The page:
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Europe

Between acceptance and homophobia

43 years ago, homosexuals fought against police brutality in New York’s now famous Christopher Street. Since then, Christopher Street Day has been celebrated - but the fight against discrimination continues.

Juris Lavrikovs has so much to say that his voice can often cracks with the pace. Lavrikovs is the spokesman of ILGA Europe, the European region of the International Lesbian, Gay, Bisexual, Trans and Intersex Association. Discrimination against homosexuals is a problem at the EU level, he said.

Discrimination based on race, for example, is prohibited in all areas where the EU legislates. Discrimination based on sexual orientation, religion or disabilities is prohibited, however only in the field of employment. That must change, Juris Lavricovs said. "But this particular legislation is stuck at the level of the European Council and has been for many years, almost to a halt," said the ILGA spokesman. Member states have so far failed to back the legislation.

Gay rights activists take part in a Gay Pride march in Split, Croatia, Saturday, June 9, 2012. (Foto:Nikola Solic/AP/dapd)

Gay Pride in Split, Croatia

Discrimination in the EU member states

As an umbrella organization for around 360 similar groups from 44 European countries, ILGA is committed to fighting discrimination against homosexuals, bisexuals, trans and intersex people. The association works closely with EU institutions to implement its positions and Lavrikovs is satisfied with the cooperation so far.

The EU and the European Council have made significant progress in strengthening the human rights of lesbian, gay, bisexual, trans and intersex people but it is difficult to work at the EU level. "After all, EU institutions are limited by the power of the member states," Lavrikovs said.

Disturbing setbacks

The ILGA is also active in the Organization for Security and Cooperation in Europe (OSZE) and the Council of Europe in Strasbourg. At the end of June 2012, the Human Rights Council of Europe commissioner, Nils Muiznieks, complained that Member States wanted to prohibit educational information about homosexuality and homophobia. "This is a troubling step back to a time in which homosexuals were treated like criminals," criticized Muiznieks.

Tausende feiern am Samstag (23.06.2012) in Berlin auf der Parade zum Christopher Street Day (CSD). Mit dem CSD erinnern Schwule und Lesben jedes Jahr an die Polizeieinsätze gegen die Homosexuellen-Szene in New York im Juni 1969. Foto: Maurizio Gambarini dpa/lbn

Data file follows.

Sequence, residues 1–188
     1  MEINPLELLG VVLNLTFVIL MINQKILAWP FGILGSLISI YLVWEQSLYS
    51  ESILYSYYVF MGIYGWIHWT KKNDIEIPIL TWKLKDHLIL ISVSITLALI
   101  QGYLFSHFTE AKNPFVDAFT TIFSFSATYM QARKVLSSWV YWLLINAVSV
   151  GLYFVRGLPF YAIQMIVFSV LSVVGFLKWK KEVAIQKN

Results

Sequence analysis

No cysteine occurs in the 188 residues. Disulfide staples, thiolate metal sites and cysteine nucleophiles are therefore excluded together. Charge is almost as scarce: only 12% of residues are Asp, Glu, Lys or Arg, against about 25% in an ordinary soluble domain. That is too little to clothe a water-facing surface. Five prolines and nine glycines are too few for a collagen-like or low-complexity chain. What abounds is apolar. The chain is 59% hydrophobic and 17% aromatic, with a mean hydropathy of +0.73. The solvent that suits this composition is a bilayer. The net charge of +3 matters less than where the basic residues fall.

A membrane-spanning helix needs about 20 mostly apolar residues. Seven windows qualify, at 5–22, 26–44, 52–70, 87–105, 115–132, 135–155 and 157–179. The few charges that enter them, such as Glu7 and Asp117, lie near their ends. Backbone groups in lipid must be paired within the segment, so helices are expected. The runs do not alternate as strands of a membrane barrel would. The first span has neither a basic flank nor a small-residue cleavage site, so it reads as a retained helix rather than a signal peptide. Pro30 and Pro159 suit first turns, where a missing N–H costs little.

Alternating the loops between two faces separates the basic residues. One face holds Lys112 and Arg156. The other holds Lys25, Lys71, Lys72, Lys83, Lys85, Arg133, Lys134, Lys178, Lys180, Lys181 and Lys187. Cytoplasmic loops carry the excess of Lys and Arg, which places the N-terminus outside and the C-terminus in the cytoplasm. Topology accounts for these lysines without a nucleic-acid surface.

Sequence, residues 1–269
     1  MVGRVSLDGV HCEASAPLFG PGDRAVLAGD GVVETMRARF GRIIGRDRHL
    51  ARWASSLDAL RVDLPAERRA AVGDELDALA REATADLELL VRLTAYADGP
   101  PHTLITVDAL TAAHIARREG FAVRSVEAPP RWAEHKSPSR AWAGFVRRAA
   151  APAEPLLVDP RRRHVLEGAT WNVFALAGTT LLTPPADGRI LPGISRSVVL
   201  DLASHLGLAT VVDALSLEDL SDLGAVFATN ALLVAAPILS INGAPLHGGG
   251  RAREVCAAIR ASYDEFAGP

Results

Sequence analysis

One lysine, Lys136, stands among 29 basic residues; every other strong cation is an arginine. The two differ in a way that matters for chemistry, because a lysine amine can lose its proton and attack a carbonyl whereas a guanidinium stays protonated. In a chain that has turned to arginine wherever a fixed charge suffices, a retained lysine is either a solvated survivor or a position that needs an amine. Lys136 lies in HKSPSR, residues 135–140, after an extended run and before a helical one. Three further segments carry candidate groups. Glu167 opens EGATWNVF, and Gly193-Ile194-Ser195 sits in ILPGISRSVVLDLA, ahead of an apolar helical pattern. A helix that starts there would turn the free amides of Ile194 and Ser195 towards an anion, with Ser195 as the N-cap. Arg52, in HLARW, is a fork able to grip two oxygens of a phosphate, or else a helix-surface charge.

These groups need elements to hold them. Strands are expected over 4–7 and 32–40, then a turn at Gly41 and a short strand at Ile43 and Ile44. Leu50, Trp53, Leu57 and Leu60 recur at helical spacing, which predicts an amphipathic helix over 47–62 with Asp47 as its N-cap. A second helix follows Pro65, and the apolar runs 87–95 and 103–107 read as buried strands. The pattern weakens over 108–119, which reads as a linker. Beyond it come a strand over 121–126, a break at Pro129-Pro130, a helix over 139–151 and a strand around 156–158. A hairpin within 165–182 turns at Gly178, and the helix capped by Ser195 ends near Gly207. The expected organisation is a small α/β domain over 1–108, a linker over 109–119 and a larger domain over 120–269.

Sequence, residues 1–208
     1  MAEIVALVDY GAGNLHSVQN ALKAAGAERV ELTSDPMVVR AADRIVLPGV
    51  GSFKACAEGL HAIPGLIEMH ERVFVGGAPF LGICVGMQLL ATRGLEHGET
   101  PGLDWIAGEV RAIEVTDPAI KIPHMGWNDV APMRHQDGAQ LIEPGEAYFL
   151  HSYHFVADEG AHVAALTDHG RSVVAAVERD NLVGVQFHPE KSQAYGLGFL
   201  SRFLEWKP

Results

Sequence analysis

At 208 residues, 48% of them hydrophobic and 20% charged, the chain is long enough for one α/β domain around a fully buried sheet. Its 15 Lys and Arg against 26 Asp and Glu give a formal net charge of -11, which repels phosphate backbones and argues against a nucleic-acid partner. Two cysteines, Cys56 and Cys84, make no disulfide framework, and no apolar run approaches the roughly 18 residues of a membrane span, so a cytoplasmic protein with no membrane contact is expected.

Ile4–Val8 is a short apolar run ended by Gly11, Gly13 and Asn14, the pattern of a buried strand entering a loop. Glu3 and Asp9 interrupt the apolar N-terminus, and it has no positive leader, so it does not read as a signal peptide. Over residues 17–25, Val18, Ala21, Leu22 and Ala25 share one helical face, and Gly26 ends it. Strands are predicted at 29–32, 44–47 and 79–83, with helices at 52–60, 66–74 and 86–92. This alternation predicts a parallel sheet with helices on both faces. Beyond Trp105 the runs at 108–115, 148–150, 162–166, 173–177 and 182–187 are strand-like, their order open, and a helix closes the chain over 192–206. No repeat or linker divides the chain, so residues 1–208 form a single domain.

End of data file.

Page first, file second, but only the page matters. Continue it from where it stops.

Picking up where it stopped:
Christopher Street Day parade in Berlin, 2012

ILGA releases an annual report that ranks the severity of the situation in 40 European countries. No country has reached the perfect score of 30 points but the UK, Germany, and Spain top the list with 20 points. Many countries fall in the lower range of minus 12 points. "In this so-called red zone, there are many European countries, starting with the Russian Federation, Ukraine, Moldova, Azerbaijan, Armenia, Turkey, and the Former Yugoslav Republic of Macedonia and Belarus." Discrimination is found elsewhere but it is especially bad in these countries, the spokesman said.

Room for improvement

These countries were condemned by the European Parliament in June 2012 for their homophobic laws. Lavrikovs also cited one more advanced country where discrimination must be fought: "In Sweden, transsexuals need to be sterilized if they confess before law to their transexuality. That's pretty traumatizing." We sometimes forget that even progressive states need to catch up.

The idea of fighting for civil rights did not develop until after the Second World War. For decades, Cold War in Europe debilitated the former Eastern bloc countries from developing appropriate human rights policies. The rights of lesbian, gay, bisexual, trans and intersex people had also fallen by the wayside.

Machismo to blame?

Discrimination based on sexual orientation is acrually worse in some Western European states than in a number of former Eastern bloc states, says Juris Lavrikovs. He cited Greece, Malta, and Italy in particular: "Italy does not have the political will to introduce the appropriate legislation." For example, there have been many failed attempts by members of parliament to consider homophobia as an aggravating factor for certain crimes, said Lavrikovs.

Juris Lavrikovs, Communications Manager (ILGA-Europe); Copyright: privat

Juris Lavrikovs, ILGA spokesman

It would be all too easy to refer to all the states in southern Europe as traditional patriarchal societies that reinforce homophobic tendencies, he said. But this isn't the case. He points to Spain and Portugal who have made great progress on gender equality and the rights of homosexuals and transsexuals in the past few years. "These countries have shown that religious majorities or cultural traditions are not opposed to improving the rights of homosexuals, bisexuals, trans, and intersex people," said Lavrikovs. For change to occur, political will must correspond to the necessary political circumstances.

Author: Daphne Grathwohl / hc
Editor: Helen Whittle

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